Bear with Me or Bare with Me_ Proper Grammar Explained by an Editor image

Homophones are words that sound the same but are spelled differently. They can be a tricky part of English grammar, since it’s easy to confuse one homophone with another.

Here are some examples of common homophones:

  • to, too, two
  • meat, meet, mete
  • right, rite, wright, write

Here’s another homophone: Is it “bare with me” or “bear with me”?

“Bear with Me” Is Correct

So how can you tell the difference? Which one should you use?

The correct version is “bear with me.”

  • Bear with me while I look for your order.
  • My husband knows I have to pet every dog I see—and he always bears with me.
  • The news upset her greatly; she asked her guests to bear with her while she regained her composure.

Bare Means Uncover

The meaning of the verb “bare” is based on its definition as an adjective. According to, TCK’s standard dictionary, the adjective “bare” means “lacking a natural, usual, or appropriate covering.”

  • The room was bare, devoid of any furniture.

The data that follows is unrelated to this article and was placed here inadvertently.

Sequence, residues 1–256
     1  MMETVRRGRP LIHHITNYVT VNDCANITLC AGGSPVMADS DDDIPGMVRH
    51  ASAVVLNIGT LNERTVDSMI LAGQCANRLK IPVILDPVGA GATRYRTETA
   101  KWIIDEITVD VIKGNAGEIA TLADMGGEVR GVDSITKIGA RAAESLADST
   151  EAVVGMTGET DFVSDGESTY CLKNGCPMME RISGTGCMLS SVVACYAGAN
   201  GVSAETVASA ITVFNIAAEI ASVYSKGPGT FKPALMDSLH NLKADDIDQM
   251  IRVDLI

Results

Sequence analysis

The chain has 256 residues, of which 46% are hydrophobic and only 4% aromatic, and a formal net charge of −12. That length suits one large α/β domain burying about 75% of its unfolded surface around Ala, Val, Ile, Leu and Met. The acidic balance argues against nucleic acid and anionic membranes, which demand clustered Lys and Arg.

• Her bare feet made no sound on the stone floor.
  • The trail runner fought a mountain lion with his bare hands.

The verb “bare,” therefore, means to uncover something or make it bare.

  • The snarling tiger bared its teeth.
  • He removed his hat, baring his head despite the rain.
  • The investigation bared the family’s secrets.

So, don’t use “bare with me” unless you’re looking for a friend to join you in the shower. Or a round of strip poker.

Bear Means Tolerate

The verb “bear” has a variety of meanings. The definition that applies in this context means to support the weight of (something); synonyms include “abide,” “endure,” and “tolerate.” If you read further into the Merriam-Webster definition of “bear,” you’ll find the phrase “bear with,” which means to be “indulgent, patient, or forbearing.”

  • He couldn’t bear to see her cry.
  • She bore the bad news heroically.
  • I can bear the discomfort of small airline seats when I know I’m going on vacation.

To make this difference easier to remember, Maeve Maddox at Daily Writing Tips coined the phrase “Beware of bare.


Here are some other grammar articles that may interest you: